Stela is a beautiful platformer, but not much else
Stela is similarly brief but also a fleeting experience that doesn’t make much of an impact while you’re playing or linger once you complete it mostly due to its hollow world.
Stela clearly wants to be as unnerving and fascinating as its contemporaries but the end product is merely an empty imitation. There is no element of surprise or wonder here, nothing to make players consider the game at a deeper level. Instead, it acts as a good reminder of the far superior titles that came before it.
Overall, Stela is a beautifully well-made game, with the score and the background creating a wonderfully immersive atmosphere. Its mysterious setup creates curiosity that would have been lost with a comprehensive storyline, allowing for an unique sensation despite its fairly common game style. While the puzzles aren't overly tough, keeping yourself levelheaded enough in real life to keep going was more than enough challenge for me, making Stela as interesting and fun as it is beautiful and immersive.
Stela is a very pleasant experience from the first moment. Beatiful visuals and soundtrack for a platformer adventure maybe too short, flat and excessively simple in terms of difficulty.
Review in Spanish | Read full review
It took me the best part of a month to come back to Stela in order to finish this review. I’m glad I did, as it still had some astonishing sights left to show me. But it was a close call.
Stela is a nice looking, but completely soulless game that tries to grab a piece of fame from popular developments, but is not able to offer anything new. This is the case when the graphics and music do not draw out a weak story against the background of too simple puzzles. However, we never had any illusions about this game.
Review in Russian | Read full review
Stela is a nice break from the hectic shooters and other competitive style games. It opts for impeccable sounds and visual design in order to convey emotion throughout the three-hour playtime. But, don't let the overall length steer you away from something that's more akin to a short story than a full, AAA produced title. It's a worthy experience from start to finish, providing the right escape for those without a lot of free time on their hands.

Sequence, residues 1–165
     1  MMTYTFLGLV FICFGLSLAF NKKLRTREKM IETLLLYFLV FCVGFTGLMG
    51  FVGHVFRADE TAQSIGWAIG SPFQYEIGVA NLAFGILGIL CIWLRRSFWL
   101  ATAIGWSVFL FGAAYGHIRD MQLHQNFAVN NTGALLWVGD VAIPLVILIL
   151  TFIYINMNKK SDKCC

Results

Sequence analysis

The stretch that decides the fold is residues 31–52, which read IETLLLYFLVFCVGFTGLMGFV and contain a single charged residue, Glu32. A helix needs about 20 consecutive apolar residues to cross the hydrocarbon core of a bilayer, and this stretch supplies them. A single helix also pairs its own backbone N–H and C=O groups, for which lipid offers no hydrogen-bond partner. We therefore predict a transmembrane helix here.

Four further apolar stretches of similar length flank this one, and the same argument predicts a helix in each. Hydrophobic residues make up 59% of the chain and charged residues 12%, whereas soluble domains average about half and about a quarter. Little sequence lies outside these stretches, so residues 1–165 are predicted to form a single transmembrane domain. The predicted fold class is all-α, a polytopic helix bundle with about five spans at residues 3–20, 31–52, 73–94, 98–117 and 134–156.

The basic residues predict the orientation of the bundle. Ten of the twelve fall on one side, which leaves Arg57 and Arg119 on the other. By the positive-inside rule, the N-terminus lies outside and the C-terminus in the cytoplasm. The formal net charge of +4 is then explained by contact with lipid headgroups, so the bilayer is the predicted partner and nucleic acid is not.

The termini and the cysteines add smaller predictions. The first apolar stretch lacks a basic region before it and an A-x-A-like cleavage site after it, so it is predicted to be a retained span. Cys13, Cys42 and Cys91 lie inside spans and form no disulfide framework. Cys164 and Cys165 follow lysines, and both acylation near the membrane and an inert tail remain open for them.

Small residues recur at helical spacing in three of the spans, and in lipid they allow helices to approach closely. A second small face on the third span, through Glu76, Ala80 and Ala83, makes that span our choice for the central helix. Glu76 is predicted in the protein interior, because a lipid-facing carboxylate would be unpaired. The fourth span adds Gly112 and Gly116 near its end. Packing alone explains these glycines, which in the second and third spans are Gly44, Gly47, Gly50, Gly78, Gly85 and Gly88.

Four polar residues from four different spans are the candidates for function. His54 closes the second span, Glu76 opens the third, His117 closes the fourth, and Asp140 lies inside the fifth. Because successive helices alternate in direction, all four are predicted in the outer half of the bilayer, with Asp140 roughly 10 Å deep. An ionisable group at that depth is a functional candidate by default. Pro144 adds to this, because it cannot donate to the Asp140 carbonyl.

Stela hopes you’ll look at it with the same reverence everyone had for Inside. The problem is that Stela needs to do a lot more than just copying Playdead’s formula.
Stela is a platform-puzzler that's quite clearly been made in Inside's (and indeed Limbo’s) image. It's a serviceable approximation of Playdead's work, with a beautifully strange world and even a couple of neat ideas of its own. But it fails to immerse you in its world in quite the same way courtesy of some unfortunate flat spots.
Stela is an ok game, a snack while you're waiting for more consistent meals.If you're a fan of the platforming & puzzle combo, you should give it a try.
Review in Spanish | Read full review
Stela is a beautiful atmospheric puzzle-platformer; however, it seems to emphasize style over substance. The musical score, however, is phenomenal, making almost mundane actions feel grandiose or anxiety-inducing. The first playthrough only takes a couple of hours, and once you know what to expect, you'll be able to run through the game in under 90 minutes.
You won’t be disappointed in any way shape or form with this as a complete product.
As a fan of cinematic platformers, I rather enjoyed playing Stela from start to finish. Be that as it may, it didn't take me long at all, hence one of my leading (but not my only) concerns. At under three hours, and with little replay value to speak of, $19.99 is a lot to launch for on the Nintendo Switch. On sale, this would be one to consider for sure, depending on how burnt out you might be on the subgenre.
When it all clicks together, Stela makes for some beautiful platformer moments. When it doesn't, it's frustrating and obtuse.
Stela feels like a golem, crafted from the bones and sinew of better titles. Sometimes, this can be a successful experiment: Darksiders, for example, may not contain a single unique gameplay concept but manages to forge its own path through its worldbuilding, characters, and art direction. Stela accomplishes no such feat, and so I spent most of my playtime wishing I was playing its inspirations instead.
If you're into games for the experience more than the narrative, Stela might work for you. A few of the puzzles took more brute force than smarts to solve, but nothing was impossibly difficult. The idea of plane-jumping is good, except for when you can't tell if the feature is active. The graphics look beautiful, but the early levels suffer from too many dark colors muddying the waters. It's too bad that the set pieces lack anything special to connect them together. Overall, while Stela may not be top-tier material, it is solid enough to warrant a look.
Stela is good but unspectacular.
Stela will be a familiar experience for those who've played Limbo and Inside. That doesn't mean it lacks its own merits, though it does try to imitate those Playdead classics a bit too much.
When it comes to indie horror games, very few illustrate a living nightmare as well as Stela does.